A Difference in Temperature

by | Apr 11, 2023 | Fiction, Issue Thirty-Two

It’s a hot day. The heat fires down and sweats the sunblock right out. Tourists fight for seats in the cabin, but politely, so they can claim they’re not fighting. I’m stuck on deck in a polo and a prison-logo cap.

Last summer, my ex-wife visited one weekend. A conference, she said. I invited her to ride the ferry, but Julie stayed on shore. When we shared a coffee at the docks, she looked at my uniform like it was part of a custodial sentence she’d just finished. As she left, she checked the high sun and said, “Drink plenty of water,” even though she never did. If people could be weather, Julie would be drought.

Back on deck, motors churn and the sea boils. I take a pull of warm water from the plastic bottle. The city shrinks and the island emerges from the water. Nobody can escape Alcatraz. Even my condo in San Jose has bars on the windows. “It wasn’t that bad,” I say to an imaginary Julie.

The cabin door opens behind me. Imaginary Julie pokes her head out, wearing the same polkadot dress she wore last summer. Her skin glows. “You hate the sun,” she says. “Can’t you come inside?” Hot air rushes into the cabin causing passengers to stir. She peers over my shoulder at the horizon haze, her hand gripping the metal rail I thought too hot to touch.

When I look up, the island seems distant. It’s at least another mile, and with each few seconds, it retreats. The boat’s motor rumbles on but we slip further from our destination. My brain scrambles for some kind of explanation, but it’s overheating. Up in the skipper’s cabin, Captain Max wears a vague smile and stares straight ahead. The passengers are not fazed either. Some of them seem younger, their clothes from a different trend. The prison polo now feels looser. My gut’s lost an inch and my back straightens.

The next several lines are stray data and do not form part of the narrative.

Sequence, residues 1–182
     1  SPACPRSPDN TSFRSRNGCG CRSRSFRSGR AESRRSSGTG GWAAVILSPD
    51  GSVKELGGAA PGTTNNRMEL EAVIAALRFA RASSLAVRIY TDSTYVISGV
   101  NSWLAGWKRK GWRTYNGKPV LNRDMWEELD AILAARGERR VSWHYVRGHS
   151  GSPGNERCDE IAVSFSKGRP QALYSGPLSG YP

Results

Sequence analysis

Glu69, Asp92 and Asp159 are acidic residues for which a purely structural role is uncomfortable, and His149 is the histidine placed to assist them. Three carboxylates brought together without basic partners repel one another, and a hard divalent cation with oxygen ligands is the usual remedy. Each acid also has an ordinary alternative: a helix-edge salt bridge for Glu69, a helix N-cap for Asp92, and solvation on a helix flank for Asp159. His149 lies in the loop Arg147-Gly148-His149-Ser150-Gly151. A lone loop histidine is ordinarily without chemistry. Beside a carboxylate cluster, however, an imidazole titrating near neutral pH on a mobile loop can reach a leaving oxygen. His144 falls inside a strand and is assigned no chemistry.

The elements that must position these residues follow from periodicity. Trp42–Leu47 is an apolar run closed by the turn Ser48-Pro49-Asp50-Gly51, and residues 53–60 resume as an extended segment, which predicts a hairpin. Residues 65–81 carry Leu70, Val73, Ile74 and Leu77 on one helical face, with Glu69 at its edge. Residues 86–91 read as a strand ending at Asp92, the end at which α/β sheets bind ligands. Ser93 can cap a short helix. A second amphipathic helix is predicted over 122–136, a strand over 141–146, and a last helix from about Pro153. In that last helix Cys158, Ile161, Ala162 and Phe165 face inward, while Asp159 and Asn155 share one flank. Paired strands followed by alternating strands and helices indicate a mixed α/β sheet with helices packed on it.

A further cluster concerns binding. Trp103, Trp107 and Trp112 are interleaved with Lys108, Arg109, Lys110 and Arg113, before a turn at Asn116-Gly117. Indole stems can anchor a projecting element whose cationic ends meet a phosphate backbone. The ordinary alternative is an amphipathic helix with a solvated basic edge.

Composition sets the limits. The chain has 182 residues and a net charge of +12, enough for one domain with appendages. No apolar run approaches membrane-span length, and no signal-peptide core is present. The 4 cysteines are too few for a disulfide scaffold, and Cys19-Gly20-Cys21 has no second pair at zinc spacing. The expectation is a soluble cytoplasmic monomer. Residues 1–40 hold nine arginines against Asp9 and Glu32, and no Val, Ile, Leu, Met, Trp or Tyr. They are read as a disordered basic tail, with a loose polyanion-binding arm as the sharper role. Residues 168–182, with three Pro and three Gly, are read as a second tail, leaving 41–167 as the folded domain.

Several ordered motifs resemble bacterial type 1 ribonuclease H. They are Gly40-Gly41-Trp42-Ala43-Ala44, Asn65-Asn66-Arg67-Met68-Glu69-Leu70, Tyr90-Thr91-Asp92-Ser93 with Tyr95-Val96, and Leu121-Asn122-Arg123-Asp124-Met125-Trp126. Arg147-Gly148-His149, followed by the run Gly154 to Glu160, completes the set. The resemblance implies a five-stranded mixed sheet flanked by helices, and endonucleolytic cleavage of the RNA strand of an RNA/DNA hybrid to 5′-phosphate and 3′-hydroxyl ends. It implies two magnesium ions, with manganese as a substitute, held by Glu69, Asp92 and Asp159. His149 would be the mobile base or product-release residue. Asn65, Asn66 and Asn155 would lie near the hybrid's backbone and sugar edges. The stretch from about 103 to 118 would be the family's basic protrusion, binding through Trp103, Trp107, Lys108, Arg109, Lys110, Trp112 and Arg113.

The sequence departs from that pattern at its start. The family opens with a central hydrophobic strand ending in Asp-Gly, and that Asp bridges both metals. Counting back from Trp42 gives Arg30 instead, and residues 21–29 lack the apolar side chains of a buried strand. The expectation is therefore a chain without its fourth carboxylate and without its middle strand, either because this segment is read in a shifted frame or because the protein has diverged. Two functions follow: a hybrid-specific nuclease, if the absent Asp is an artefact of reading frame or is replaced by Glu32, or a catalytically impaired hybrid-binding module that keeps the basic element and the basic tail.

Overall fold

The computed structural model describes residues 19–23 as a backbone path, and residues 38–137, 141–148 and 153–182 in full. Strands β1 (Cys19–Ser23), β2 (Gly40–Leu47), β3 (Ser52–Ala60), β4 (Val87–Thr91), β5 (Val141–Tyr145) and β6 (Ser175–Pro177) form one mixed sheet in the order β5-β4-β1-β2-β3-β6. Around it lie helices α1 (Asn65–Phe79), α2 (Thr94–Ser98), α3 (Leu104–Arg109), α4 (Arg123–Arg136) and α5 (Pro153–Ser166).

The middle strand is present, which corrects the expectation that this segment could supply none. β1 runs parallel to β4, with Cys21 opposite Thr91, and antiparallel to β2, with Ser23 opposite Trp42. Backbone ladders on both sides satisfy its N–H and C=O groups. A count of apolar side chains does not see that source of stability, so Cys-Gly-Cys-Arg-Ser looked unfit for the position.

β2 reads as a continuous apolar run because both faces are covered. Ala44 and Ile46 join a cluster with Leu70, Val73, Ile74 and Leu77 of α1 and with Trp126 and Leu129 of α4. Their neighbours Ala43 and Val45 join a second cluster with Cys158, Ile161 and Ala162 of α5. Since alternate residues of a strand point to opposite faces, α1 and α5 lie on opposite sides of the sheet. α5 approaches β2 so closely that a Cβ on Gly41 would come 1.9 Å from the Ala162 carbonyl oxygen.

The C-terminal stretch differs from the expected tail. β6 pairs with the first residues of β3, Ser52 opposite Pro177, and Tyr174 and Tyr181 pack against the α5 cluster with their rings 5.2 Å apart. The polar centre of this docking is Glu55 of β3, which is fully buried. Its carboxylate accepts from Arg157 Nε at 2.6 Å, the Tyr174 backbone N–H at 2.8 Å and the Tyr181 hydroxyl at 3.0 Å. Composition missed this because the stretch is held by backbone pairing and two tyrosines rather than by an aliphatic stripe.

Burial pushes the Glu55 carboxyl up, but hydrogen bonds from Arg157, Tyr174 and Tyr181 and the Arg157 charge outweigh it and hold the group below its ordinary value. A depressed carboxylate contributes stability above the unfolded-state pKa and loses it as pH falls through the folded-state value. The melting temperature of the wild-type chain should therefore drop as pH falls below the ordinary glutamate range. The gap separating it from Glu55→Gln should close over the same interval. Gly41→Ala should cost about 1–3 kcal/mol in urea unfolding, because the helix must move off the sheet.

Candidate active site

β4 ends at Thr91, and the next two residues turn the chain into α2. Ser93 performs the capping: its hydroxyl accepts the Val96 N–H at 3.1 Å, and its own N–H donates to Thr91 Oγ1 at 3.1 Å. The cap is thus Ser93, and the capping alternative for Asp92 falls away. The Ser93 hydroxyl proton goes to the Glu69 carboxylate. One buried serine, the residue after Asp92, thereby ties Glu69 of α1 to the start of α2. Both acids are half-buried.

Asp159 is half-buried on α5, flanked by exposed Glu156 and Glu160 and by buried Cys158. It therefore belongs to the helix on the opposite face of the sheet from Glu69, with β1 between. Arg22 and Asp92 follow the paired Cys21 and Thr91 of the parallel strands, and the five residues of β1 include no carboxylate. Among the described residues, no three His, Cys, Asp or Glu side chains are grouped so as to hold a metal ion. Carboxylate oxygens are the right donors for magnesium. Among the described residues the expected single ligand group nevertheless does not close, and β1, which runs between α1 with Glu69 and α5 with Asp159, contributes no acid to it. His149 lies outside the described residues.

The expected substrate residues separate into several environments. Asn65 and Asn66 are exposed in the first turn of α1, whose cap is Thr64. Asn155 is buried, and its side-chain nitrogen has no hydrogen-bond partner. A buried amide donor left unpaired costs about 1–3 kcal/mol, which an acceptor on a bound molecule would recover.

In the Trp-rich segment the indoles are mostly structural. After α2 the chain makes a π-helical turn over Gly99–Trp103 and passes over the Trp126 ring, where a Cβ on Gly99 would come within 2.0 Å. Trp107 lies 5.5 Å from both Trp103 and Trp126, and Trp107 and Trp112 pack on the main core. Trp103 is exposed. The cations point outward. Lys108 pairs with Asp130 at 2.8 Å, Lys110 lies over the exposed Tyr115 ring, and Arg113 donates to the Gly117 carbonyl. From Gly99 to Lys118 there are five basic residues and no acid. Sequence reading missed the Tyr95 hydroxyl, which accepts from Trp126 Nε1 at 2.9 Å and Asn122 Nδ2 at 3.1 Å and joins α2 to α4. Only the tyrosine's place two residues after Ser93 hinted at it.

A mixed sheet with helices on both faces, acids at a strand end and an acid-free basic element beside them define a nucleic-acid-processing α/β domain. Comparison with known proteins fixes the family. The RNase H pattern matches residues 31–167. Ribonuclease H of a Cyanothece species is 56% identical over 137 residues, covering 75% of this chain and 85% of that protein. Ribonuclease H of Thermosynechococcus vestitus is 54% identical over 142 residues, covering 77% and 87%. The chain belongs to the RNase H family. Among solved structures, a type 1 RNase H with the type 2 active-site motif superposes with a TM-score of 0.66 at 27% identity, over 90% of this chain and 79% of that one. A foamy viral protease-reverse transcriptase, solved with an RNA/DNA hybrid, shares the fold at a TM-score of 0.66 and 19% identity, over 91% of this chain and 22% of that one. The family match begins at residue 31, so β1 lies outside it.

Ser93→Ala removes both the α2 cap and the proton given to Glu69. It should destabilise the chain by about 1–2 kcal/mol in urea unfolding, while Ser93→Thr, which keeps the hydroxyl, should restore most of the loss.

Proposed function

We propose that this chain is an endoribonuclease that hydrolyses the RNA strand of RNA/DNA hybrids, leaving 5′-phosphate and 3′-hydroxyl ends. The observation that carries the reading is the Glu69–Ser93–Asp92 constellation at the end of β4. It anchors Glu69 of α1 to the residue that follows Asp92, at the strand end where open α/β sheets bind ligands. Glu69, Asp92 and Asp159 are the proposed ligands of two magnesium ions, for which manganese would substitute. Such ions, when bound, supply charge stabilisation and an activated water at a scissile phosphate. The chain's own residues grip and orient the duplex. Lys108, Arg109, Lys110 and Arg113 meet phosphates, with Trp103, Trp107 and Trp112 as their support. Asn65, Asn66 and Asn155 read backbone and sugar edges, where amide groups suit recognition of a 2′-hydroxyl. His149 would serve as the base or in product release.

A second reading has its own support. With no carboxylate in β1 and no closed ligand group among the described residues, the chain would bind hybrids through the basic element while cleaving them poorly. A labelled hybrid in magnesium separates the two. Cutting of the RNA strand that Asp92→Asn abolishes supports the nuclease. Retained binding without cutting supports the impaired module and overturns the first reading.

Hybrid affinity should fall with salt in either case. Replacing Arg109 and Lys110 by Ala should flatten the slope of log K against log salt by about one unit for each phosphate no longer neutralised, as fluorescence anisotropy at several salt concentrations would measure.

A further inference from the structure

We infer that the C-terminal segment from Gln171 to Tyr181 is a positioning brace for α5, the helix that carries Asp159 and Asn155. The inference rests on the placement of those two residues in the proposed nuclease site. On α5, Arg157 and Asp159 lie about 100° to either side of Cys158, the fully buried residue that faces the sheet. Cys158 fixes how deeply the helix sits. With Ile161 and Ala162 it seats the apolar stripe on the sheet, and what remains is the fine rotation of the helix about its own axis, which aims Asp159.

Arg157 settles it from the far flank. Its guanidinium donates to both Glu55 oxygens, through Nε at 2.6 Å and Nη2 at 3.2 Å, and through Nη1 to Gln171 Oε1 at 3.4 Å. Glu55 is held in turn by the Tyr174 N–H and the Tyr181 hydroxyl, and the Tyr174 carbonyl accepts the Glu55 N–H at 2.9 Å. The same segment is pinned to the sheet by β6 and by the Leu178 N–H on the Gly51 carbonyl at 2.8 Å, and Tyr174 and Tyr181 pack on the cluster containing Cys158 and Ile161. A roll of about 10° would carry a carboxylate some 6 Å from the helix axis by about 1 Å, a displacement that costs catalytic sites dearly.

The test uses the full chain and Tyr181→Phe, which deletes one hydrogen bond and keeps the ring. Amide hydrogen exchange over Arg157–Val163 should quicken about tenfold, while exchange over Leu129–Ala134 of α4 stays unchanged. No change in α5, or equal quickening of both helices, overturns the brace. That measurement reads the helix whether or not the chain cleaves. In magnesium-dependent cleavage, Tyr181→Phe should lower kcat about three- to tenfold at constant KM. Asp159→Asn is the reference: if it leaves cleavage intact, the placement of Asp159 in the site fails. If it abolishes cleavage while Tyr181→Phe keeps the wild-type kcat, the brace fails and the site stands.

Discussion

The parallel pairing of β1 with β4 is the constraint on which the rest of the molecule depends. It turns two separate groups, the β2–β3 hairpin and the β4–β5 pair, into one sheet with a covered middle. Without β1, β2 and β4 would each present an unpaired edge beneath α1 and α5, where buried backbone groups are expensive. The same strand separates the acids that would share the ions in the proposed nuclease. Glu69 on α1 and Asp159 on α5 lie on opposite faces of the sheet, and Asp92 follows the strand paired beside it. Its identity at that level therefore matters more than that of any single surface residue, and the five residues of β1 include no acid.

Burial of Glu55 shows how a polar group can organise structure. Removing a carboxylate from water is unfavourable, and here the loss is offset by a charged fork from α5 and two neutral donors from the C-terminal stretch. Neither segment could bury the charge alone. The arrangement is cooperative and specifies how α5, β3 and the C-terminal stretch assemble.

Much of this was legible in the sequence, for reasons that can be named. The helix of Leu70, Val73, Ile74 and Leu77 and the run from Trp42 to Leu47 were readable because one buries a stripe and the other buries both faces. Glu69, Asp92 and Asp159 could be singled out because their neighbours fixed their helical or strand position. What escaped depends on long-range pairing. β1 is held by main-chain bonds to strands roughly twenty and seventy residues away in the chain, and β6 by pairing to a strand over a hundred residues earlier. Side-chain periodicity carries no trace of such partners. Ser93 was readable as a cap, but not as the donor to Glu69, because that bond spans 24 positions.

Last summer, Julie told me about all the San Diego properties her new partner owned. “His company sells high-tech model airplanes.”

I tried to sound enthusiastic but I just imagined him down by the river, drinking cans and racing them against his buddies.

“Your nose is burning,” she said.

The ferry plows on, and the island shrinks to a distant dot. The motors cut and we drift back through the summer of ‘19, then ‘18, then further. Soon, some of the kids inside are gone and the ferry passengers wear corded headphones and study paper guides. The heat cranks a notch.

Julie’s in her short hair phase — softer skin and kinder features. It’s sweltering but she remains unfazed by the humidity. I can barely breathe.

The glow of the late afternoon sky reddens. A massive sun dips to the horizon and pulls the ferry straight towards it.

Passengers mill around inside, waiting to disembark.

Julie grips the bow rail and looks dead ahead, waiting for that summer when the temperature was just right.

The red sun comes alongside. Its writhing flames lick the waters.

I pull my cap down and hoist the gangplank. “This is it,” I say. “Time to get off.” All I want is for every single one of these passengers to depart, to walk into the sun with a bounce in their step and tear up their return tickets, then it will be me and her, back at the start.

Julie turns — sorority eyes and brilliant teeth. Then she looks directly into the sun and says, “What’s after that thing?”

Each word brands into my skin. What. Is. After. That. Thing? My nose detects the singe of the hair I once had.

Julie waits for my answer, hoping for one more stop, but the boat’s still now.

Sweat runs down my nose. My cheeks burn hot. Still, I stand there, looking into the fire in her eyes for every last second I can bear.

When she’s gone, I’ll dive into the ocean and see if I can make it the one and a quarter miles back to the harbor. There, the water will be cool.

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